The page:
For the first time large businesses could be fined for failing to pay smaller suppliers on time as part of a robust package of measures unveiled recently by Small Business Minister Kelly Tolhurst.
Company boards will now be held accountable for payment practices to small businesses within their companies in a drive to increase transparency and accountability on late payments. Measures will force Audit Committees to report payment practices in company annual reports.
The government will consult on strengthening the powers of the Small Business Commissioner to hold to account the minority of larger businesses who fail to make payments on time. New powers could include compelling information and disclosure of payment terms and practices, imposing financial penalties or binding payment plans on large businesses found to have unfair payment practices.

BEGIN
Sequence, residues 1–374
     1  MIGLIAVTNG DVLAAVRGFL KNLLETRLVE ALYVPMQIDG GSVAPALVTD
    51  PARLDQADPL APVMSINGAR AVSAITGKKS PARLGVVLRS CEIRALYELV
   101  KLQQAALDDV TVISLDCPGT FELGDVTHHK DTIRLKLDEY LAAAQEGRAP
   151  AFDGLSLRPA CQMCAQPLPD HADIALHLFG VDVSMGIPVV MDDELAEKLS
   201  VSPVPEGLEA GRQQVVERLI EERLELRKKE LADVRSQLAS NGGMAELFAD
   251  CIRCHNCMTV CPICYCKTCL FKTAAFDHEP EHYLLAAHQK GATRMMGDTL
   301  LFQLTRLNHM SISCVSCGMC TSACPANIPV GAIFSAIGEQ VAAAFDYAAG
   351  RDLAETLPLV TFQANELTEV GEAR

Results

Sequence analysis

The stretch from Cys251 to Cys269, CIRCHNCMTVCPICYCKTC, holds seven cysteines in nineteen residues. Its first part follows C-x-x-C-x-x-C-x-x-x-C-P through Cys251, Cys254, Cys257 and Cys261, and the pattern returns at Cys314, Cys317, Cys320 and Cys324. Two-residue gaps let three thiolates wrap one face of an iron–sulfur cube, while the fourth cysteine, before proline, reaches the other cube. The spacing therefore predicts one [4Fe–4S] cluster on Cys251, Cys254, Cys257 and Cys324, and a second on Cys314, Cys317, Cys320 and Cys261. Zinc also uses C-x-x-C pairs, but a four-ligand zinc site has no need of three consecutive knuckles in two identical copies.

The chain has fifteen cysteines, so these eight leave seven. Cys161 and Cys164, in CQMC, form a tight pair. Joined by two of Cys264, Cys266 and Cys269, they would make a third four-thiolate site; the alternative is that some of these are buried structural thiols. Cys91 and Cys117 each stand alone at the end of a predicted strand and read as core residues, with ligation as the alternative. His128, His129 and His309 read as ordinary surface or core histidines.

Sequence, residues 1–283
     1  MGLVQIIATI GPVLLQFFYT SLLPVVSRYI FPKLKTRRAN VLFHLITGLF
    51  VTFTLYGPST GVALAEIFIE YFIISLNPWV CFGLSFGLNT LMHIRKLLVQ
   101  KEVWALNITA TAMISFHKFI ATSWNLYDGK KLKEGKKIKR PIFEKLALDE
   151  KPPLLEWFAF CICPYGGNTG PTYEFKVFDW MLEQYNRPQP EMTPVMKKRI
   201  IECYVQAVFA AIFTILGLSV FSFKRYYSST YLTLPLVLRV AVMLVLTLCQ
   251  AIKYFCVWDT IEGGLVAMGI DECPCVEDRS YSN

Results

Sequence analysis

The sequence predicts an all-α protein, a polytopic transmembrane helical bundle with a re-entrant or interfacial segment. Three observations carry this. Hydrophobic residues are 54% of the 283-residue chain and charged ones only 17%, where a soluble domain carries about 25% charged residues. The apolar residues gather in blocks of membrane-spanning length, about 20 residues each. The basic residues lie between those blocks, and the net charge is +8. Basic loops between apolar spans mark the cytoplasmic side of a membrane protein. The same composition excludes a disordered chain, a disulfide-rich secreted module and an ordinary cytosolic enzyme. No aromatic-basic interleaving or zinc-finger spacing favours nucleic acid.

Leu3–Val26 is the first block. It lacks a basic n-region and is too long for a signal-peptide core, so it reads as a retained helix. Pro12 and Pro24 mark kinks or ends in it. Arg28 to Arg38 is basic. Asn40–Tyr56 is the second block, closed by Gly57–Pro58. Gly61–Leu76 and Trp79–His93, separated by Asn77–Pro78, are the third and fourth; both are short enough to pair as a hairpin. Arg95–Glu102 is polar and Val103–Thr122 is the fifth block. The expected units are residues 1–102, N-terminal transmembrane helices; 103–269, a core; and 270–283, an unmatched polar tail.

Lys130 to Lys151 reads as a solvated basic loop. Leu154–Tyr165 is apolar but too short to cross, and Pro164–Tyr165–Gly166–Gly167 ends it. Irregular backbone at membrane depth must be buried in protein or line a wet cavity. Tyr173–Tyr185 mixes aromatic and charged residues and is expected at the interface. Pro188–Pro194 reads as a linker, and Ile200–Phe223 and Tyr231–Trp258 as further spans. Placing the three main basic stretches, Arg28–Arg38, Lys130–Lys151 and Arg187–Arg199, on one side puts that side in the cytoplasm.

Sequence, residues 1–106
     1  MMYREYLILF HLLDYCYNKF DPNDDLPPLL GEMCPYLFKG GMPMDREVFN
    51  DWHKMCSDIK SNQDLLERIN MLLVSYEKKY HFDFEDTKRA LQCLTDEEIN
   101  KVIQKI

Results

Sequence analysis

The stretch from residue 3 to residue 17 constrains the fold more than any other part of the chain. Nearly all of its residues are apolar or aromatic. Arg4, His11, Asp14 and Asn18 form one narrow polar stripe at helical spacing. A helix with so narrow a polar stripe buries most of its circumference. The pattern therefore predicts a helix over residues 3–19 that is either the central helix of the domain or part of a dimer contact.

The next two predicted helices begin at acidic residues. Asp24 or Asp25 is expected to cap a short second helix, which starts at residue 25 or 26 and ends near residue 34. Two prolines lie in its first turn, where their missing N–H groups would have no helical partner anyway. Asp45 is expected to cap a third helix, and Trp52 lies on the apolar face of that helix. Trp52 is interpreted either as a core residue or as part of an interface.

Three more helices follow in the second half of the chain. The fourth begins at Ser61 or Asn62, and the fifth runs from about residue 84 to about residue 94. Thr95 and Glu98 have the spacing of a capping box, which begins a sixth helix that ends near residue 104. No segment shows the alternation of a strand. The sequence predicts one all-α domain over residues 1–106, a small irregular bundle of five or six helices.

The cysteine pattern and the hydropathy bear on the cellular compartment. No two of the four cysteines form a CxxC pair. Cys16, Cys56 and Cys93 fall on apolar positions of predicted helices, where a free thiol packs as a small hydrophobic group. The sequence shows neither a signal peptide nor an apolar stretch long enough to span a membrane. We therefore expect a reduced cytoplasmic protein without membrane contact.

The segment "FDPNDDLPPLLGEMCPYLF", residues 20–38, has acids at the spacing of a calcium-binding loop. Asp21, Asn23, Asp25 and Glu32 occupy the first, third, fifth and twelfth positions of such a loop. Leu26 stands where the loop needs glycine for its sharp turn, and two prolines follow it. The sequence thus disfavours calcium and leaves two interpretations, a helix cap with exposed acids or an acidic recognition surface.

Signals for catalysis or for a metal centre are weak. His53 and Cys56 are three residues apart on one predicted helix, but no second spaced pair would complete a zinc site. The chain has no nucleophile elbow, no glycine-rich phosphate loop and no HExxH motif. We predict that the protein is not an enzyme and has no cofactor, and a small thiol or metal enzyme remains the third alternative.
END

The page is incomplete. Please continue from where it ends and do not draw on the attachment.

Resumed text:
Responsibility of the voluntary code of best practice – the Prompt Payment Code – will be moved to the Small Business Commissioner. This will put tools to tackle late payment under one organisation, ensuring the Commissioner has the powers to affect culture change in unfair payment practices.
Other proposals include:
A tough new approach to large companies which do not comply with the Payment Practices Reporting Duty – an existing mandatory requirement on large businesses to report payment practice to a national database twice a year. The legislation allows for the prosecution of those which do not comply, and fines may be imposed. The government will consult on giving these powers to the Small Business Commissioner.
A Business Basics Fund competition of up to £1 million in funding to encourage businesses to use technology to simplify invoicing, payment and credit management to ensure they work as effectively as possible.
For full article visit https://www.gov.uk/government/news/broad-new-measures-to-ensure-small-businesses-get-paid-on-time